grid points. The truncation error is increasing as $t$ goes from $0$ to $0.5$.
The contour lines are matching the changes of the function. The larger errors occur
when the function has the bigger changes. The maximum error reached at about $t=0.5$ for
some points of $x$ as we expected.
\end{example}
The first-order Semi-Lagrangian forward method, the second-order Semi-Lagrangian
forward method, and the Semi-Lagrangian forward method of order three are compared with
$\tau = 0.01$ and $h = 0.005$ in the Figure \ref{fig5}. The maximum truncation error presented
at the each step of $t$ for those three methods.
\begin{figure}[htb]
\centering
\includegraphics[width=0.7\textwidth]{fig6} % diffn.eps
\caption{Scaling of the error of Semi-Lagrangian methods of order one, two and three to the problem \eqref{eq:example1}}
\label{fig6}
\end{figure}
In the table \ref{table1} and the Figure \ref{fig6}, we studied the numerical
orders of convergence with $ h = (1/2)\tau$. It is clear that the first-order
Semi-Lagrangian forward method and the second-order Semi-Lagrangian forward method
have the order as we expected. However, the Semi-Lagrangian forward method of order
three is not exactly order three, but is close to 2.5. The main difficulty for
Semi-Lagrangian method of order three are the calculation of the departure points
and the third-order interpolation from arrival points(non-uniform grids) to departure
points (uniform grids).
\begin{example} \label{examp2} \rm
Consider the Kortweg-deVries (KdV) equation \cite{TA}
\[
u_t + u u_x + \delta^2 u_{xxx} = 0
\]
where $\delta = 0.022$ with the initial conditions
$$
u(x,0) = \cos(\pi x), \qquad 0 \le x \le 2
$$
and $u_x$, $u_{xx}$, and $u_{xxx}$ are periodic on $[0,2]$ for all $t$.
\begin{figure}[htb]
\centering
\includegraphics[width=0.7\textwidth]{fig7} % kdv1.eps
\caption{First-order SLFW method for $\delta = 0.022$: initial values and solutions
at $t= 1/\pi$ and $t = 3.6/\pi$.} \label{fig7}
\end{figure}
\begin{figure}[htb]
\centering
\includegraphics[width=0.7\textwidth]{fig8} % kdv2.eps
\caption{Second-order SLFW method for $\delta = 0.022$: initial values and solutions
at $t= 1/\pi$ and $t = 3.6/\pi$.} \label{fig8}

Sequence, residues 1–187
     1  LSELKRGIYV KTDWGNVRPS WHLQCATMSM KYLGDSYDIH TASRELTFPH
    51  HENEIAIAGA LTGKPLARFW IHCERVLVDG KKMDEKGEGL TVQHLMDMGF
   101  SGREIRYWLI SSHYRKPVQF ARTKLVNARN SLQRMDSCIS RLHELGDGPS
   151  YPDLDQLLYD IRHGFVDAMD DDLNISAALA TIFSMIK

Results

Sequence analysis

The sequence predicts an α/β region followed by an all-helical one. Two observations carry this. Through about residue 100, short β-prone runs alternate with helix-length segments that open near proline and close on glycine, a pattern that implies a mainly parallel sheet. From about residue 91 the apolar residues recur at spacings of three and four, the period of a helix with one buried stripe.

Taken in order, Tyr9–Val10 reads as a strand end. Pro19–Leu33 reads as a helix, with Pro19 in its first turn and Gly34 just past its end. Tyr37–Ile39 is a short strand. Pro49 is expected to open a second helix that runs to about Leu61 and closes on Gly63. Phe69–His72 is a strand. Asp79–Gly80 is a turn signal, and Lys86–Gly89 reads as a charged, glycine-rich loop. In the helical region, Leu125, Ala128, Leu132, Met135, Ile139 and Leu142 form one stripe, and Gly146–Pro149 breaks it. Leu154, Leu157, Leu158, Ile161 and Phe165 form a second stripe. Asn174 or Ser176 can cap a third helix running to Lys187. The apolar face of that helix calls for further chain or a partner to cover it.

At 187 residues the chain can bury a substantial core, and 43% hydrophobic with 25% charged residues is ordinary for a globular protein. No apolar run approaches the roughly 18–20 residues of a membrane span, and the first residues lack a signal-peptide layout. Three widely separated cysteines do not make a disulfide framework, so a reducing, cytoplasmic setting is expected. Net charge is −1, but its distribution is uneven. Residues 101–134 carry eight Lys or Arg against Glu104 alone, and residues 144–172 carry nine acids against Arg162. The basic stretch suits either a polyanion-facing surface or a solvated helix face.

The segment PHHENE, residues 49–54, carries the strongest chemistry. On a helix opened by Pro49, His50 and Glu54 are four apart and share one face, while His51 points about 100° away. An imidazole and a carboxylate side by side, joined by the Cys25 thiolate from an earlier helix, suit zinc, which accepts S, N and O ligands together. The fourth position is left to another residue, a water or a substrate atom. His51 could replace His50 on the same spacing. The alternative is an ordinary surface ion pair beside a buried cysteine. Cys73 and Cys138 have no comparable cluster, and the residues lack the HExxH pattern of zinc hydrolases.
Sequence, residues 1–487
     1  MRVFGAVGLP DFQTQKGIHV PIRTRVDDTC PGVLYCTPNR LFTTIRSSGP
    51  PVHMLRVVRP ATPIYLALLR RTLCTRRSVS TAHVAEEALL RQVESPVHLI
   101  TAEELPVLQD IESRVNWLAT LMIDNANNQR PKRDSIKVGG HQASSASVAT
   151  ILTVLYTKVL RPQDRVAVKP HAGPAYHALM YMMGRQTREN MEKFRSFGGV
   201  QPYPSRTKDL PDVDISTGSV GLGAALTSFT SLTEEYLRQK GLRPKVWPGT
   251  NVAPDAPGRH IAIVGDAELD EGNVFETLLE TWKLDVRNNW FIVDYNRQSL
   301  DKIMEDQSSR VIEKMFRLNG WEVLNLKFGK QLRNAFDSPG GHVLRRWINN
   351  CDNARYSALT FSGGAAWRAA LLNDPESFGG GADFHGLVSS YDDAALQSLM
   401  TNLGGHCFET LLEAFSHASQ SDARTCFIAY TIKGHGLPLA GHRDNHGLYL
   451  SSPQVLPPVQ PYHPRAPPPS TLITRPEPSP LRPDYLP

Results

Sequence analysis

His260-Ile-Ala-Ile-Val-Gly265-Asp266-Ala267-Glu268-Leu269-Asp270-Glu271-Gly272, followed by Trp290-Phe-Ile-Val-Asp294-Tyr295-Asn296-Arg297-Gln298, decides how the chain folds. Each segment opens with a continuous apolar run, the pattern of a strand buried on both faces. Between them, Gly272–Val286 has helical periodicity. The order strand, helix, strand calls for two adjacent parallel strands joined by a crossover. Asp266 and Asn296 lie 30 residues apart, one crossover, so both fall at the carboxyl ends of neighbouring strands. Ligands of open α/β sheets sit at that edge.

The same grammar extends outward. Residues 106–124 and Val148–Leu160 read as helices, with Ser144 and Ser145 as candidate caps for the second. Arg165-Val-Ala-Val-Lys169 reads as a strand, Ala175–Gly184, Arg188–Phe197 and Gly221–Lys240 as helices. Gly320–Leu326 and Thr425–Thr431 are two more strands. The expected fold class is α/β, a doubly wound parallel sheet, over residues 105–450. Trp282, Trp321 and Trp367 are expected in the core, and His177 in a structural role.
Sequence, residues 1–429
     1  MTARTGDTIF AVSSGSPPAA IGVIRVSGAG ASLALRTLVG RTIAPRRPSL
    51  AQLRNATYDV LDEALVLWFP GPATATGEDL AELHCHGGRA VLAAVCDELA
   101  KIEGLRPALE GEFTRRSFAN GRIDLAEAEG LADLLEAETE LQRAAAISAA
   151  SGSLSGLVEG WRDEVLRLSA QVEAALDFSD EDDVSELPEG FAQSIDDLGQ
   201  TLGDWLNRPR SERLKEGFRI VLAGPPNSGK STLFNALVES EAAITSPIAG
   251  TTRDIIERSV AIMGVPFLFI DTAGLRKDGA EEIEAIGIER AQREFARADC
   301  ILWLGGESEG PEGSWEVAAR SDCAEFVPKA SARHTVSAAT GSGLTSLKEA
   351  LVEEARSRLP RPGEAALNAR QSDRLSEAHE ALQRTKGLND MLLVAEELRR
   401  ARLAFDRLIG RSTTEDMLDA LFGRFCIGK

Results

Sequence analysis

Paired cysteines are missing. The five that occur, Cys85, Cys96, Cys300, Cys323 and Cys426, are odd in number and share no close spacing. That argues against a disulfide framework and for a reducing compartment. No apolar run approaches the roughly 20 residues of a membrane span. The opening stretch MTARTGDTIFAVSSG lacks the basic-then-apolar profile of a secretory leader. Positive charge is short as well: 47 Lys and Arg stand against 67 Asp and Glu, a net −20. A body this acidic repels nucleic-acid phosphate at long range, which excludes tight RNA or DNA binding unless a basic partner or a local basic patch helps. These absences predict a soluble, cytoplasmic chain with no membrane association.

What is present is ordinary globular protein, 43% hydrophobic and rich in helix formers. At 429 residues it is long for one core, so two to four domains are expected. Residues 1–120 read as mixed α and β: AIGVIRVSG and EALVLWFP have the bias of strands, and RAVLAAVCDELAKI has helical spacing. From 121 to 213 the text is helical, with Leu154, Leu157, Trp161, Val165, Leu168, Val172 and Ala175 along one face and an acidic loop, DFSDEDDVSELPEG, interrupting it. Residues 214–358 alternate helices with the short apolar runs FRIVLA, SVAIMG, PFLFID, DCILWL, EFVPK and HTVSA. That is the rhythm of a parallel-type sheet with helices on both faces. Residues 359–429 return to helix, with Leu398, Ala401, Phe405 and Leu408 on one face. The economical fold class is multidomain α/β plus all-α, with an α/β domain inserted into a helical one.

\end{figure}
The KdV equation describes the long time asymptotic behaviour of small but finite
amplitude shallow water waves in one dimension. In the equation, $u=u(x,t)$ measures
the elevation (the height of water above the equilibrium level) at time $t$ and position $x$.
Two different mechanisms are involved: Non-linearity ($uu_x$) and Dispersion ($u_{xxx}$).
The delicate balance between these two effects leads to travelling waves of permanent
form, which is called Solitary Waves, or Solitons.
Various numerical methods are used to approximate the KdV equations. The comparison of
efficiencies of different methods was studied in \cite{SCN}. The aim here is to show the
efficiency of SLFW as an explicit method applying to KdV equations.
It is possible to apply higher order (higher than order two) to the KdV equations.
By using SLFW, the nonlinear term was perfectly combined in the direction of moving waves.
In Figure \ref{fig7}, the first-order SLFW is applied to the KdV equations with the initial
condition of $u(x,t) = \cos(\pi x)$ on the interval $[0,2]$ with $\Delta x = 0.01$
and $\Delta t = 0.00002$. The wave profile at $t=1/\pi$ does not produce a shock,
but close. When computed at time $t=3.6/\pi$, another shock is also present.
The trains of eight solitons are detected, but not well-defined.
The results present in Figure \ref{fig8} are from applying the second-order SLFW
to the KdV equations with the initial condition of $u(x,t) = \cos(\pi x)$ on the
interval $[0,2]$ with $\Delta x = 0.01$ and $\Delta t = 0.00002$.
The dot line is the initial wave profile. The dash line presents the wave profile
at $t=1/\pi$. The wave almost produces a shock and has a noticeable oscillation for $x<1/2$.
At time $t=3.6/\pi$ the profile shows a train of eight well-defined waves which have
developed since the early stage of evolution.
\end{example}
\section{Conclusions}
In this article, one-step Semi-Lagrangian forward methods were proposed and studied for
the first-order time-dependent nonlinear partial differential equations.
The second-order Semi-Lagrangian forward method was proved to be consistent and stable.
When $\tau$ goes to zero, the numerical solution converges to the solution of the
corresponding initial-boundary problem.
Theorem 2 in the section 4 and the examples in the section 6 have shown that the
Semi-Lagrangian forward methods can be applied to some time-dependent partial differential
equations. They are very convenient for implementation. The only disadvantage is that at
each time step, spatial linear or higher order interpolation is needed to find the
solutions on the departure points.
In the example, only one spatial variable was used. However, we believe that Semi-Lagrangian
forward methods should work for more spatial variables, but more complicated for numerical
analysis. The computing cost will increase a lot, like interpolation for more variables
at each step. We will report the similar results for the systems with more spatial
variables. Also more terms involving higher order derivative only in spatial variables
will be added to the right side function later. More work of applications to
Shallow-water equations and Navier-Stokes equations will be reported later.